The more high-tech a generation becomes, the more demand there will be for those who can master non-technical skills. So if Millennials want to practically guarantee career success, they might want to look no further than gaining skills for “hands-on” trade skills, including becoming electricians.
According to the third annual 'State of the Industry' survey from Klein Tools, electricians can already see the writing on the wall as many of these tradesmen retire.
The study of more than 400 union and non-union electricians found that 47 percent are worried about the rapid rate of retirement among their ranks, leaving the field with no labor. One out of every five electricians indicates their biggest concern is that over the next five to 10 years, too many experienced electricians are leaving the industry and/or retiring.
The survey also found that this is a general concern for nearly one-half of electricians, 47 percent, compared to 38 percent in 2015. While nearly one-fourth of electricians indicate their biggest industry concern over the next five to 10 years is less available jobs.
“We're finding that many electricians have concerns about the future of the industry in the next five to 10 years,” says Mark Klein, president of Klein Tools. “Many electricians see the number of experienced electricians leaving the industry and are concerned that not enough young electricians and apprentices are joining the field to replace them. A large number of electricians are also concerned with the amount of jobs that will be available in the next five to 10 years. With more high-tech installations, including smart homes and the dependency on high-tech electronics, the industry is experiencing dynamic change. Klein Tools is committed to ensuring electricians are ready to adapt to this changing environment.”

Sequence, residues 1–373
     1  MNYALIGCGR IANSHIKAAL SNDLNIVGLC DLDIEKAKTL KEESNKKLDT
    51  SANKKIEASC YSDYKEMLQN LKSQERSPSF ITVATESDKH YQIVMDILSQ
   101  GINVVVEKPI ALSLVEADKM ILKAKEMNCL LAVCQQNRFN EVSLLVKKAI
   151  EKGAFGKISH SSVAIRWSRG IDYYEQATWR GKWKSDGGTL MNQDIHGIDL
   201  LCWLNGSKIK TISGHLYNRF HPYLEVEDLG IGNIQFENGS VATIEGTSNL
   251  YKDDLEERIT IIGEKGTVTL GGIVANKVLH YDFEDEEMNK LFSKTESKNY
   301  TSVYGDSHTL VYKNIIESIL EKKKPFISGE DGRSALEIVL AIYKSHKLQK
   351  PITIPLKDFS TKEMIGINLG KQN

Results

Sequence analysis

Extreme Labor Shortage
Consistent with the general industry concerns, the Klein Tools' State of the Industry survey found electricians believe there is a current shortage of experienced electricians in the field. However, many electricians indicated that more on-the-job training would create more experienced electricians and resolve this shortage.
Seven in 10 electricians see a shortage of experienced electricians in the industry, and 78 percent believe more on-the-job training would create a more experienced workforce.
This idea is consistent with union and non-union electricians where both groups had a 10 percent increase from 2015 in believing on-the-job training is the best solution to this industry concern.
Klein Tools' infographic:
“The shortage of experienced electricians is a concern for the majority of electricians surveyed, and many have the same ideas for how to resolve this issue,” says Klein. “Many believe on-the-job training is the best solution to gaining more experienced electricians in the workforce. This is compared to continuing education, more classroom-based training and more or better online training. Klein Tools is working with its partners to ensure that young electricians and apprentices are receiving more on-the-job training to guarantee the shortage of experienced electricians is resolved.”
This year, Klein Tools announced a continuation of its long-term partnerships with the International Brotherhood of Electrical Workers (IBEW), the National Electrical Contractors Association (NECA) and The Electrical Training Alliance, by increasing its investment to $2 million over the next five years to training and educational programs.
The programs aim to train the best electrical workers in the industry by offering the necessary tools and hands-on training, including scholarships and tool endowments for apprentices.
Through this investment, Klein Tools is ensuring that young electricians and apprentices receive the highest possible educational experience for a successful career in the industry.
Klein Tools is also a platinum partner with the Independent Electrical Contractors to help develop and foster skilled electrical workers.
The Klein Tools 'State of the Industry' survey was conducted by Russell Research. Forty percent of respondents were union members and 60 percent were not.